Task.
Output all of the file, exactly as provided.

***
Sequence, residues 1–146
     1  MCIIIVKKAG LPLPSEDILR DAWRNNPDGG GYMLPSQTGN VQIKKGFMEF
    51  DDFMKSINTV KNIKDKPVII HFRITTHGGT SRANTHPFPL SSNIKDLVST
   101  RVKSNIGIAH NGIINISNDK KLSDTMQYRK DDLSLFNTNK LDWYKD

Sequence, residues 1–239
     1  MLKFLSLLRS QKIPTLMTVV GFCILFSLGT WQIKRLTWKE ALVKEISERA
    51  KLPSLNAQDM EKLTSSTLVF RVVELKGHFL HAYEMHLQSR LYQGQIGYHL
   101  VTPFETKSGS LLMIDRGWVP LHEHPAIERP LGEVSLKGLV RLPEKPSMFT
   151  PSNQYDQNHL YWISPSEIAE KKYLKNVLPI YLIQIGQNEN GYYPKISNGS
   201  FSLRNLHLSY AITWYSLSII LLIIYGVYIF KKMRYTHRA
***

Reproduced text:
Sequence, residues 1–146
     1  MCIIIVKKAG LPLPSEDILR DAWRNNPDGG GYMLPSQTGN VQIKKGFMEF
    51  DDFMKSINTV KNIKDKPVII HFRITTHGGT SRANTHPFPL SSNIKDLVST
   101  RVKSNIGIAH NGIINISNDK KLSDTMQYRK DDLSLFNTNK LDWYKD

Sequence, residues 1–239
     1  MLKFLSLLRS QKIPTLMTVV GFCILFSLGT WQIKRLTWKE ALVKEISERA
    51  KLPSLNAQDM EKLTSSTLVF RVVELKGHFL HAYEMHLQSR LYQGQIGYHL
   101  VTPFETKSGS LLMIDRGWVP LHEHPAIERP LGEVSLKGLV RLPEKPSMFT
   151  PSNQYDQNHL YWISPSEIAE KKYLKNVLPI YLIQIGQNEN GYYPKISNGS
   201  FSLRNLHLSY AITWYSLSII LLIIYGVYIF KKMRYTHRA